Dragons, Griffins and Leucrottas: Supernatural Creatures in the Eastern Baltic

Animal Iconography in the Archaeological Record - New Approaches, New Dimensions

Tõnno Jonuks [+-]
Estonian Literary Museum
Tõnno Jonuks, archaeologist, Department of Folkloristics, Literary Museum in Tartu (Estonia). His studies concern the prehistoric and vernacular religions in Estonia in long-term perspective and the material side of religions. Recently, he has also studied relations between identity and religion, including contemporary paganism and nationality.

Description

This article discusses a selection of animal depictions from the Eastern Baltic region. It is suggested that the modern Linnean taxonomy and biological characteristics may not always be the best methodology to identify animal species in art. By focusing on certain elements, it is demonstrated that certain figures depict mythical animals, an interpretation that has so far not been taken seriously. While the dragon or the oversized snake is clearly the ‘indigenous’ mythical animal in the north, the spread of Christianity introduced other mythical creatures, like leucrottas and griffins. Knowledge of these spread not only in Christian countries: in some cases these creatures were also included in the last pagan worldviews in northern Europe. It is suggested here that mythological animals, manifested in the form of staffs, allegorically denoted ideological and moral qualities, and were most likely used as symbols of certain ruling families across the Eastern Baltic.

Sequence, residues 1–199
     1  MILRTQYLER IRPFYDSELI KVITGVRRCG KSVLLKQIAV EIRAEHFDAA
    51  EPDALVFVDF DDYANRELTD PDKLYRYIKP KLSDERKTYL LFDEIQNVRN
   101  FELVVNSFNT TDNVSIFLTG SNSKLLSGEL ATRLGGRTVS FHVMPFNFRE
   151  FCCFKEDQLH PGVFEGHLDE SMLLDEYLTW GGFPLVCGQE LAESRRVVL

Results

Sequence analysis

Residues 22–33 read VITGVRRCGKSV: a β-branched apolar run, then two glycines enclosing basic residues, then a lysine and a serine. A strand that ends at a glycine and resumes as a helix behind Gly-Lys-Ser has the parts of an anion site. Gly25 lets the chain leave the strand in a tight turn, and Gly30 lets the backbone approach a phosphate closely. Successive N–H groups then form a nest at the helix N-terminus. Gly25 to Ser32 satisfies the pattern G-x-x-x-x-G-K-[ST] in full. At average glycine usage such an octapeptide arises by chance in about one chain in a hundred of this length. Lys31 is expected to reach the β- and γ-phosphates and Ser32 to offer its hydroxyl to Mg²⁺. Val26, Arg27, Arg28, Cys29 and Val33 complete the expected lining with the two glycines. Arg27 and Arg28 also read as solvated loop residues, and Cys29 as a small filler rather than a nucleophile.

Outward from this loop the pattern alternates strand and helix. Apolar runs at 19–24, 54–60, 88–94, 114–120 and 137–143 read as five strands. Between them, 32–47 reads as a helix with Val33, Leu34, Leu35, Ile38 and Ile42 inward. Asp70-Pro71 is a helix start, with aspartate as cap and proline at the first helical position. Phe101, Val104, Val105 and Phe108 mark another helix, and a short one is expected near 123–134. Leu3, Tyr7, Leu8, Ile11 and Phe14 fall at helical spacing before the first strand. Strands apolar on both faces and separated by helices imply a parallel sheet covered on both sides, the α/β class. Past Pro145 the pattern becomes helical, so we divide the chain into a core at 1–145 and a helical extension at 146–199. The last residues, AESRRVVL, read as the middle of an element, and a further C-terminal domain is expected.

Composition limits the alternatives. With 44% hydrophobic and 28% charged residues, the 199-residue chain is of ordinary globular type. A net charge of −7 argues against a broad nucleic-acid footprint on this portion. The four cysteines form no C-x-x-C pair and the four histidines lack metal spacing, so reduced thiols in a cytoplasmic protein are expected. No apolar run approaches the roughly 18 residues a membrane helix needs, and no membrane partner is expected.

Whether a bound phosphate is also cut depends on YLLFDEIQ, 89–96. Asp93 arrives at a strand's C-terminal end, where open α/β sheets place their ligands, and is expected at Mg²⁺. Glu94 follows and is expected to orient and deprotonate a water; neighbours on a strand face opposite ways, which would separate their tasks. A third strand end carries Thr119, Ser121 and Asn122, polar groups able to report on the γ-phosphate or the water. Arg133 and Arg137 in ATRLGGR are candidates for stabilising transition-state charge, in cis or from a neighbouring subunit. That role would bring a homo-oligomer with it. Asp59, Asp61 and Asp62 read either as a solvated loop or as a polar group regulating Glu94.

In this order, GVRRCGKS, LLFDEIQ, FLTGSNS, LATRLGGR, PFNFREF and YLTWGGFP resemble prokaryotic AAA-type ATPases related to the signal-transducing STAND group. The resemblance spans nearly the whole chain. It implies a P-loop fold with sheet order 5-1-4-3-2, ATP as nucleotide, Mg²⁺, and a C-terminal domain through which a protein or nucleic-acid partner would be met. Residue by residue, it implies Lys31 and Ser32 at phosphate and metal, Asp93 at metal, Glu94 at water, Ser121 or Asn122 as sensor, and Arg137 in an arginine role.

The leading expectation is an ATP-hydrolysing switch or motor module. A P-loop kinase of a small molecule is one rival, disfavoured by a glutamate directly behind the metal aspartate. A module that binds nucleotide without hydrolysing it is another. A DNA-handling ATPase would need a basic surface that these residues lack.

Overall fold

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Citation

Jonuks, Tõnno . Dragons, Griffins and Leucrottas: Supernatural Creatures in the Eastern Baltic. Animal Iconography in the Archaeological Record - New Approaches, New Dimensions. Equinox eBooks Publishing, United Kingdom. p. Feb 2021. ISBN 9781781799260. https://www.equinoxpub.com/home/view-chapter/?id=38888. Date accessed: 11 Aug 2020 doi: 10.1558/equinox.38888. Feb 2021

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